The wind on the north shore was extremely strong and a bunch of SUP foilers used it for their downwinders. On my way to my body mechanic (I needed a couple of adjustments), I was lucky enough to drive by the harbor just when Kai Lenny was pumping his way to the boat ramp. Obviously I had to bug him with some questions. 35 minutes from Maliko, new unofficial record.
Here's another fellow foiler in the lovely afternoon light. Until now, an ocean like that would have struck me as wonderful but horrible for all the disciplines that I do and like. Now I see it in such a different way: thousands of valleys and peaks to play with.
Earlier in the afternoon, the windsurfers at Hookipa enjoyed the wrap of an increased windswell. Photo by Jimmie Hepp from this album.
This movie will be on for free tonight at the MACC at 7.30.
2ft @ 15s from 162° (SSE)
1.7ft @ 15s from 104° (ESE)
2.1ft @ 12s from 156° (SSE)
1.4ft @ 12s from 191° (SSW)
1ft @ 16s from 201° (SSW)
1.4ft @ 12s from 195° (SSW)
If one would base his surfing decisions only based to the buoy readings (which is still better than just going to the beach completely unaware of things), this might seem like a good day. But the buoys don't tell the whole story. One thing they don't tell, for example, is the consistency. That's why it's important to check all the possible information about the source of the swell. Here below is the maps of July 26, 27, 28 and 29, from which you can tell that there's isn't too much to be excited about. Sure, there's waves, but nothing major, since the fetches were relatively small.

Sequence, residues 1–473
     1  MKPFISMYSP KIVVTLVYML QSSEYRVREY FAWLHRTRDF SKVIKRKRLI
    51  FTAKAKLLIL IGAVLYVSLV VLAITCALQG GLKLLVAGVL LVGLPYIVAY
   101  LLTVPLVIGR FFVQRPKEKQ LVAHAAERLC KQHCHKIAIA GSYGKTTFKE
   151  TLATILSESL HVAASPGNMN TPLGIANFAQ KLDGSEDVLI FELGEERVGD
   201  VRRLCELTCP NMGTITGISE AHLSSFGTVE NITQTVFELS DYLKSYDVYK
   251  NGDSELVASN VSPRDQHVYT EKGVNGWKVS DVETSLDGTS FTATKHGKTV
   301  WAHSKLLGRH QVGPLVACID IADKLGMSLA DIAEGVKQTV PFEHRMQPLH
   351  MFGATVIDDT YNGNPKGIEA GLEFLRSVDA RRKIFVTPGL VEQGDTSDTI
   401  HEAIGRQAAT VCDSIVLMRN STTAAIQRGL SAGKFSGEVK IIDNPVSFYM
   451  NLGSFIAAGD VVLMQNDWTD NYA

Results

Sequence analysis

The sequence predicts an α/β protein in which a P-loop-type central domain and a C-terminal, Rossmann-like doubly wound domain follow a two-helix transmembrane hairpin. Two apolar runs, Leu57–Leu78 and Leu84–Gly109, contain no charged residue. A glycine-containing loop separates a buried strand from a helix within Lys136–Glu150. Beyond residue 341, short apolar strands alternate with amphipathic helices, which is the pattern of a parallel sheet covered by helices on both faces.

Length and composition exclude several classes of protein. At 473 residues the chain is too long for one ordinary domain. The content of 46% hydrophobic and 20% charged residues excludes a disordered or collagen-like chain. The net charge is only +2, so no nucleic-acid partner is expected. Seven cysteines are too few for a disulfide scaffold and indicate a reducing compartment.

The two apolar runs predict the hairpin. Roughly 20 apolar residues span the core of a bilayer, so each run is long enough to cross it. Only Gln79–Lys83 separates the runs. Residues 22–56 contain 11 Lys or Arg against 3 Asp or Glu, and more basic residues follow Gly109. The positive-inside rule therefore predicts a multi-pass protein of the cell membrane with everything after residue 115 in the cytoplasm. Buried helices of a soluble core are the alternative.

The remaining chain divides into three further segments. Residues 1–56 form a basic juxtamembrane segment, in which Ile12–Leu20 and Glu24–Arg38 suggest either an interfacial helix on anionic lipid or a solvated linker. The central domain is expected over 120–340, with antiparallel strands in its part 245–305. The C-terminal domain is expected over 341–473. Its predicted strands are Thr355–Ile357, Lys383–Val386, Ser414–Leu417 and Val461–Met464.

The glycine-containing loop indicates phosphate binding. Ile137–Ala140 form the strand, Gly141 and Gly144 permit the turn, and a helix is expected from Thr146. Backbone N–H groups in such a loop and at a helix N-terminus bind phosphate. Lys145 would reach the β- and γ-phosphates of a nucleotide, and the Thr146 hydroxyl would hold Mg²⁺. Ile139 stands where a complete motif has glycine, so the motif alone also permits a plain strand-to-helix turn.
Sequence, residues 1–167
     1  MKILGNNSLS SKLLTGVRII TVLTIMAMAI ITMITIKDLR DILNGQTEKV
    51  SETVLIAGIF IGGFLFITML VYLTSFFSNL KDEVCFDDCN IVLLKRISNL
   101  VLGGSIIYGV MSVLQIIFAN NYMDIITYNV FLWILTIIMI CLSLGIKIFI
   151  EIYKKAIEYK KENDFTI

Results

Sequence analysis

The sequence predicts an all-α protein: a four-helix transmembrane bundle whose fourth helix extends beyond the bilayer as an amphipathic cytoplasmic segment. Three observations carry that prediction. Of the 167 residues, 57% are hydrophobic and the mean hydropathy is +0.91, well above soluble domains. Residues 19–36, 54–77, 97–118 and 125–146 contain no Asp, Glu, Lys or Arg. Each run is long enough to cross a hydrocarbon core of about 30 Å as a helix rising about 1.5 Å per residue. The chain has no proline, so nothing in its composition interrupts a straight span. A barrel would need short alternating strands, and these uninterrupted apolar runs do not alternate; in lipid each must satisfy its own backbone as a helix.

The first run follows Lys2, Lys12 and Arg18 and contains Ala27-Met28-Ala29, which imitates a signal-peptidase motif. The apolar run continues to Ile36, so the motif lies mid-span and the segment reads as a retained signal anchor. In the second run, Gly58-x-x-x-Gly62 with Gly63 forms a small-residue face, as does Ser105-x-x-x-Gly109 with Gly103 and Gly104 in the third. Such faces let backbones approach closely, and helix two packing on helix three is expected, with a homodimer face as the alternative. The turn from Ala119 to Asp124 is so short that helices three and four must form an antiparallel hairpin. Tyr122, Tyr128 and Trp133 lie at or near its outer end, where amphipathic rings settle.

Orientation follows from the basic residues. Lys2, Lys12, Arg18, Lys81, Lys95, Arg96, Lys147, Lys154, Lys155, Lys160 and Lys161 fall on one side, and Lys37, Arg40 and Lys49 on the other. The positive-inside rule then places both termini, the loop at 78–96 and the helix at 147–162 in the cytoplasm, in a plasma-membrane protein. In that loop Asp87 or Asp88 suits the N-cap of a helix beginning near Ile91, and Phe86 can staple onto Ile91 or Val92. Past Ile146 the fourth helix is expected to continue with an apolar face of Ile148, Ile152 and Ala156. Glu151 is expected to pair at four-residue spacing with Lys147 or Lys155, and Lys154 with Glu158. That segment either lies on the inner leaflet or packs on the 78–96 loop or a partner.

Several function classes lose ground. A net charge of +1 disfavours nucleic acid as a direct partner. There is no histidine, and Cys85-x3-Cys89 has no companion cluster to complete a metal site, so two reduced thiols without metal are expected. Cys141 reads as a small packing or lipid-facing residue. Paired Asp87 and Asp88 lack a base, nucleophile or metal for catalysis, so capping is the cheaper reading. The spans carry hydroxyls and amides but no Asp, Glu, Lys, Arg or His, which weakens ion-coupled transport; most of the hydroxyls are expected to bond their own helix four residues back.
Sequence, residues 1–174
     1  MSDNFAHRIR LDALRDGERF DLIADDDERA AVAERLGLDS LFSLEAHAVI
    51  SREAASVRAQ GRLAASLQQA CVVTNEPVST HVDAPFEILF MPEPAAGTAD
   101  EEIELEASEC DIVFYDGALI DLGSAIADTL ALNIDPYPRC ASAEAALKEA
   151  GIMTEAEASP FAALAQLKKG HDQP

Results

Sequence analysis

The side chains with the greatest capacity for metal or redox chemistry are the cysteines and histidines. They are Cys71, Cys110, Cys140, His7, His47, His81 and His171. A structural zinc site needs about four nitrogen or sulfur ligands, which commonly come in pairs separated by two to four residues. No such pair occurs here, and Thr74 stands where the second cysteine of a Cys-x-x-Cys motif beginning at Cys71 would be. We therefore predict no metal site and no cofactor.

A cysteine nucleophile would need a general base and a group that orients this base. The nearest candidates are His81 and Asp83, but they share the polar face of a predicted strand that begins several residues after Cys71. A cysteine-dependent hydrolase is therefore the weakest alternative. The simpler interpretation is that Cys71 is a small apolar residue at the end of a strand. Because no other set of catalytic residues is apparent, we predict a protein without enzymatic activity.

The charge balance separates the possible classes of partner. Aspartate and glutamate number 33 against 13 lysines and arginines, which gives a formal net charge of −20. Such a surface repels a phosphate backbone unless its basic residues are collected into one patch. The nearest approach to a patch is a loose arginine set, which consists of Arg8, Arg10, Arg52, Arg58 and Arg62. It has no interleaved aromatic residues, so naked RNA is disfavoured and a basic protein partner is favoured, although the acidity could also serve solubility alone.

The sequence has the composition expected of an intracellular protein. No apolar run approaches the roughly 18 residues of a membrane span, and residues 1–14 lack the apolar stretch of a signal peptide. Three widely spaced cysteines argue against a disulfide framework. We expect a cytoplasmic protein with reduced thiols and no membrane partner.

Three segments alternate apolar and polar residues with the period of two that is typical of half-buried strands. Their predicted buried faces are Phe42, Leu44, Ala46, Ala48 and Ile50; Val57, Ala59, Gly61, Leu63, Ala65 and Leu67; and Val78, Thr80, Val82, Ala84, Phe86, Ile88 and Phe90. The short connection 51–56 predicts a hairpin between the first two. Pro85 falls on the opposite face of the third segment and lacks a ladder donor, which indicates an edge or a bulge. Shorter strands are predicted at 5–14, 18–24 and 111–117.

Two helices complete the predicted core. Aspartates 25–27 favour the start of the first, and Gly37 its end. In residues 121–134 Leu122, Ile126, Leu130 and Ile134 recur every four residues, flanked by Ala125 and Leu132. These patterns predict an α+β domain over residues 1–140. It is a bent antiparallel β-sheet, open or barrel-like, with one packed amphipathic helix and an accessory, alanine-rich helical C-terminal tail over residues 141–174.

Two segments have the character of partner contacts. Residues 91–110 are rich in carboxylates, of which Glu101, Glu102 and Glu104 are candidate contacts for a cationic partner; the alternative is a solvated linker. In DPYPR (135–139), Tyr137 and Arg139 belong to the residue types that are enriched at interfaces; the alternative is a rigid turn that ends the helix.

Today might still be the best day of the week though, and that seems to be confirmed by the Ala Moana webcam where I caught this good size set. Plenty flat spells in between though. I'll report from Lahaina when I get there later in the morning.
6.5ft @ 8s from 76° (ENE)
Windy windswell on the north shore. I'm still taking a break from downwinders, unfortunately.
Wind map at noon.
North Pacific continues to offer the windswell fetch. I put an arrow on hurricane Hector which is predicted to track south of us and possibly send a ver short lasting but intense ESE swell that Surfline sees peaking Thursday 8 9 at 15f 10s from 110. It's gonna change a hundred times before we get there, but if it stays like that, it'll be fun to try to tackle whatever doesn't get blocked by the Big Island. Models also have a proper low developing in the NW corner and sending us a 3f 16s NW swell around mid August. Way too early to get excited about both of those episodes.
For my own personal interest, I'm going to continue to include the Indian Ocean in the fetches map of the Southern hemisphere and circle the good Indonesia fetches, until I leave. Today's one is pretty strong. But we also still have a decent SSE fetch in the South Pacific partially oriented towards us and a new small and weak one in the Tasman Sea.